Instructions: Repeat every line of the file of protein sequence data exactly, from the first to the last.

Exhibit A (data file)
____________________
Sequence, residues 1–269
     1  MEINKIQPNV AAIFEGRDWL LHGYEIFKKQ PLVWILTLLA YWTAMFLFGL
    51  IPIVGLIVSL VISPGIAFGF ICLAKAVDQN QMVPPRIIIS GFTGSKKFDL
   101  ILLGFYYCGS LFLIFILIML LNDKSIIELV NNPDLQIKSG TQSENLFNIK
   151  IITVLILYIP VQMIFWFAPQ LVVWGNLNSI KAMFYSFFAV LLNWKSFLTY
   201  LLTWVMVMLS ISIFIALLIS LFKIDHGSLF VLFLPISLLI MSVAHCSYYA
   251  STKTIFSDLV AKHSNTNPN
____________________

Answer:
Sequence, residues 1–269
     1  MEINKIQPNV AAIFEGRDWL LHGYEIFKKQ PLVWILTLLA YWTAMFLFGL
    51  IPIVGLIVSL VISPGIAFGF ICLAKAVDQN QMVPPRIIIS GFTGSKKFDL
   101  ILLGFYYCGS LFLIFILIML LNDKSIIELV NNPDLQIKSG TQSENLFNIK
   151  IITVLILYIP VQMIFWFAPQ LVVWGNLNSI KAMFYSFFAV LLNWKSFLTY
   201  LLTWVMVMLS ISIFIALLIS LFKIDHGSLF VLFLPISLLI MSVAHCSYYA
   251  STKTIFSDLV AKHSNTNPN